Senior Partner & Managing Director; Director of the BCG Henderson Institute
Related Expertise Growth,
When Google announced the creation of Alphabet, its new umbrella organization that separates Google’s bread-and-butter businesses such as Google Search and YouTube from riskier or noncore ventures such as Google X and Google Capital, shareholders rejoiced. As Todd Zenger writes in his recent HBR piece, “Why Google Became Alphabet,” investors had been somewhat uneasy with Google’s approach of mixing unrelated investments, acquisitions, and businesses, because it appeared to limit transparency, accountability, and discipline. There were also branding benefits to the change, as Kevin Lane Keller explained in another article.
But let’s think about Google’s move from a strategic perspective: What does the creation of Alphabet tell us about the company’s strategic motives?
Alphabet, Larry Page writes on abc.xyz—Alphabet’s new URL—stands for two things: first, a collection of letters that represent language, the substrate for Google’s indexed search results (the company’s mature business). Competitiveness in such businesses is usually driven by scale, efficiency, and incremental improvements to stay relevant.
But Alphabet also stands for alpha bets—that is, bets on alpha (investment returns above a benchmark). “Betting on alpha” refers to investing in projects that may have a low probability of success but also a very significant upside. Project Loon is such a moon shot project, providing Internet access to remote regions by equipping balloons with wireless capabilities.
Page’s distinction brings to life the idea of strategic ambidexterity: a company’s ability to explore new practices, products, and business models while exploiting existing ones at the same time—a capability that is both remarkably valuable and equally hard in practice.
As we write in Your Strategy Needs a Strategy, successful companies in today’s diverse and dynamic business environments do exactly that: they select the right approach to strategy and execution for each part of the business—and animate the resulting collage of approaches as circumstances change or each business evolves.
So what can strategy makers learn from Alphabet’s example? Alphabet’s new structure achieves three main things:
1. It allows each unit to deploy the right approach to strategy and execution. Many tech companies have innovation- and engineering-driven cultures typical of nimble, improvisatory start-ups. Many have already built maturing, multibillion-dollar core businesses, however. As parts of a business portfolio grow and develop, different approaches to strategy and execution may be needed. As the market leader in online advertisement, Google AdWords may need to follow a more classical approach to strategy, with greater emphasis on planning, scale economies, and business model optimization, whereas pioneering businesses may need to employ a visionary approach that stresses speed and persistence in recognizing and addressing an unmet need with a novel product or business model. Fast changing, unpredictable, embryonic businesses may require an adaptive approach that stresses rapid iterative experimentation and organizational flexibility. And some businesses may present an opportunity to deploy a shaping approach in which an orchestrating company builds a collaborative ecosystem around a shared platform. Attempting to apply a single approach to strategy and execution to these very different situations compromises competitiveness and performance.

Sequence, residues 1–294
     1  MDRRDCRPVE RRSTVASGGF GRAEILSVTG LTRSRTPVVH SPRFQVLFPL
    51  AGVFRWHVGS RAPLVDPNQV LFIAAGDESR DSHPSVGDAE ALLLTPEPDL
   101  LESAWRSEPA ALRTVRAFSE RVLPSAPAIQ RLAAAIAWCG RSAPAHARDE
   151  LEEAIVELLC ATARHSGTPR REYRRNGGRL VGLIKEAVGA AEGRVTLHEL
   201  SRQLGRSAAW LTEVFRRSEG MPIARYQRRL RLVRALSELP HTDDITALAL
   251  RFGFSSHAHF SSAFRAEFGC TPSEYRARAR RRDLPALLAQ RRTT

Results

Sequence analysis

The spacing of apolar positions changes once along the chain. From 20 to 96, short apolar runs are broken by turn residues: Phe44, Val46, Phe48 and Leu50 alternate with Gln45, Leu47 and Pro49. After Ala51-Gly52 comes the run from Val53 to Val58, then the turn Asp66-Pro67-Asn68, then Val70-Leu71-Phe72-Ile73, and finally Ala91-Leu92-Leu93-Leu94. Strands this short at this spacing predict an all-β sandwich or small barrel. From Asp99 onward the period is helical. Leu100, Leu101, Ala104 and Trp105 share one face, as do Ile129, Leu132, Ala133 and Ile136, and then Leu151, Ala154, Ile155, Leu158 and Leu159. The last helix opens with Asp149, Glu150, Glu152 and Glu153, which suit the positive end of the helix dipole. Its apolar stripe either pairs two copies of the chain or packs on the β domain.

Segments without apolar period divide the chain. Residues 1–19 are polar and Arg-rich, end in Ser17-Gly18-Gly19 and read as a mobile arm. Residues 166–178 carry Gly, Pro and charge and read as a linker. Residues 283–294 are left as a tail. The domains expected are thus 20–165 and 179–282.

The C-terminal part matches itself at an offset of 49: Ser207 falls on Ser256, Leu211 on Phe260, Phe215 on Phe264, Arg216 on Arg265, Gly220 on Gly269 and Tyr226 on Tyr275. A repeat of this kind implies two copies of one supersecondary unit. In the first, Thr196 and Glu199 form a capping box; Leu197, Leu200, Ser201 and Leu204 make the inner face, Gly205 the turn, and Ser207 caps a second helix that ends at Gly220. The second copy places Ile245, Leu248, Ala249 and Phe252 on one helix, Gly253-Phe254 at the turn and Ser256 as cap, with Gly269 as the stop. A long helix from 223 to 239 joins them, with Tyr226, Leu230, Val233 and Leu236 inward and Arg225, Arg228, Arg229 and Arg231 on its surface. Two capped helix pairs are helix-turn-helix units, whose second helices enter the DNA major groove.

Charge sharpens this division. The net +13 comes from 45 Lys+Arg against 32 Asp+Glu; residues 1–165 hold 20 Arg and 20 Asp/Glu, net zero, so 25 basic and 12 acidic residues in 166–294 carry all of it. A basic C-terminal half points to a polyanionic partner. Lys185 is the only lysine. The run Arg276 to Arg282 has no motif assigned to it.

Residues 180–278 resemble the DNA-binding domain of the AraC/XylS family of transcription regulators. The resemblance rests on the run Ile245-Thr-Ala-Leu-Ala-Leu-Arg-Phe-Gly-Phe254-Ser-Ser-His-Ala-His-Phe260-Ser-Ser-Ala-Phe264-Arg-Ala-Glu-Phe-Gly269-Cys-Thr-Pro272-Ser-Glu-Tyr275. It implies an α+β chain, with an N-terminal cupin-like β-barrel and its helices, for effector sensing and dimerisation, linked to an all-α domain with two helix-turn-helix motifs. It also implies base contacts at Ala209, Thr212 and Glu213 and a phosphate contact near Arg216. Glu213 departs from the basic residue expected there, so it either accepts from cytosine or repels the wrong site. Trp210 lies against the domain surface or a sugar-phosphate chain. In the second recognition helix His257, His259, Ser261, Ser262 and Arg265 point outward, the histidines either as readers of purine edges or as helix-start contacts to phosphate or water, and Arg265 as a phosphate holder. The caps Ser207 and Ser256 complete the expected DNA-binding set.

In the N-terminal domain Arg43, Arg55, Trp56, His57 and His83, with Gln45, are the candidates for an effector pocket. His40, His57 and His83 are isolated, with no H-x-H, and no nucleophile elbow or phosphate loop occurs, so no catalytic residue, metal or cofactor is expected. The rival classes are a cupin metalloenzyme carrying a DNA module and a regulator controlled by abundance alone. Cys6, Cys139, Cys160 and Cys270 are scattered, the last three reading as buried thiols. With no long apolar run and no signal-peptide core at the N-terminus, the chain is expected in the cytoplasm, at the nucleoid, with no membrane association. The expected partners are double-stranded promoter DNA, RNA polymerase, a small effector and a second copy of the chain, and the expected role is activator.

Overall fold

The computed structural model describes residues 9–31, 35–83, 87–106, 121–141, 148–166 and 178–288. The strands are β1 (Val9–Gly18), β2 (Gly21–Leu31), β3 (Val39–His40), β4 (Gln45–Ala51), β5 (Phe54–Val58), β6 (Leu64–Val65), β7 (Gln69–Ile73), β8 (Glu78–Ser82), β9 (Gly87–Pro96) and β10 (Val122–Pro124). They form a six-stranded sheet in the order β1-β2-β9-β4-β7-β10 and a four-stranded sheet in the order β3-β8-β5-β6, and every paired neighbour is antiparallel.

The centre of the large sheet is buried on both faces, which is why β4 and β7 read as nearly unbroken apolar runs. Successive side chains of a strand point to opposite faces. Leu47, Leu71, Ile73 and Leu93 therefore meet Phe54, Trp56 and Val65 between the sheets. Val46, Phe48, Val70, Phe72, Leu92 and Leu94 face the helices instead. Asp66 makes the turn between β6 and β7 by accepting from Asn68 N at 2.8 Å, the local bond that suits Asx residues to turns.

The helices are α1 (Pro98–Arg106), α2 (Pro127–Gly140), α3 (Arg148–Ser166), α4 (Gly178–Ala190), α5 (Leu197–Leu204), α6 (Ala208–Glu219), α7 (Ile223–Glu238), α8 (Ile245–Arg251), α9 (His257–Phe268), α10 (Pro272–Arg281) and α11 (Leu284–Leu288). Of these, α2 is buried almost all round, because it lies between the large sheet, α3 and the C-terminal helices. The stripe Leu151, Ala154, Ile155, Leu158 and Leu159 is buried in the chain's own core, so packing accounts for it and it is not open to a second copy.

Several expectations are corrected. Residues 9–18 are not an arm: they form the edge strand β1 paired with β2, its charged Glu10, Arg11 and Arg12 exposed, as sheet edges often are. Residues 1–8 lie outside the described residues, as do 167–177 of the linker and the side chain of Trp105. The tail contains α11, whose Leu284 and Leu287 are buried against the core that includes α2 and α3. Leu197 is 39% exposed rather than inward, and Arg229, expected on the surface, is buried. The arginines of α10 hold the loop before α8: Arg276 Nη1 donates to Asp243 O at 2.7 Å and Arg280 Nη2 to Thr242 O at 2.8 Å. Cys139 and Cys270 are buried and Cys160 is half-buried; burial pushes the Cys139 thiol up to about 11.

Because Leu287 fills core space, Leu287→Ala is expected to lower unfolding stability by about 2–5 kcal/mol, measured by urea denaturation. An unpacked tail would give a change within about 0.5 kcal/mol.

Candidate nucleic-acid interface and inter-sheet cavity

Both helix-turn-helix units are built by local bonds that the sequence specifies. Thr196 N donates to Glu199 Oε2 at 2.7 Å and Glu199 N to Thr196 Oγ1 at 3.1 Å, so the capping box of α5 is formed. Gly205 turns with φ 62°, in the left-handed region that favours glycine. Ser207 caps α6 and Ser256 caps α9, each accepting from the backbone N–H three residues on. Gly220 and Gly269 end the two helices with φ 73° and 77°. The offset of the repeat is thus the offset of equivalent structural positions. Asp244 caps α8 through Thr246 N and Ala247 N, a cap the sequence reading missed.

2. It makes it easier to build the required capabilities in each business. In order to effectively apply different strategic approaches in different business environments, a company needs also to be able to support each with appropriately differentiated capabilities and culture. The discipline and efficiency focus of classical businesses engender very different needs compared with devolved, free-wheeling, adaptive ones, for example.
With its notorious appetite for hiring engineers and computer scientists, its famous “20% time” policy (which allowed employees to take one day a week to work on side projects), and its campus-based community approach, Google has created a highly distinctive culture.
The new modular approach to strategy and organization realized by Alphabet allows it to vary that unique recipe according to the needs of each business. Visionaries, risk takers, and engineering geniuses may fit better with moon shot companies, and disciplined doers, optimizers, and commercial types with their more mature businesses, for example. It also allows Google to employ different leadership styles and develop different cultural variations for each.
3. It lowers the hurdles to acquiring and growing companies. An umbrella organization makes forming and buying new businesses a lot easier, too. Transparent reporting will give shareholders what they are looking for. And a modular structure means that integration challenges are minimized. Forming, buying, and selling subsidiaries are hallmarks of experimentation by acquisition. An umbrella structure increases a tech company’s flexibility and agility to reshape its portfolio of bets.
Google, now Alphabet, restructured its organization to realize an ambidextrous approach to its business, potentially benefiting both its moon-shot projects—its nascent businesses—and its mature core business. Google’s move is part of a broader trend towards the “fission” of bloated business structures, as evidenced by the increasing incidence of corporate splits and spins. While other factors, such as tax and capital allocation, have undoubtedly also played roles, the need to apply more tailored approaches to strategy and implementation in a more diverse and dynamic business environment has been a key driver. “Separation” is not the only approach to achieving ambidexterity, but it is a very effective one for a business portfolio of moderate complexity and dynamism.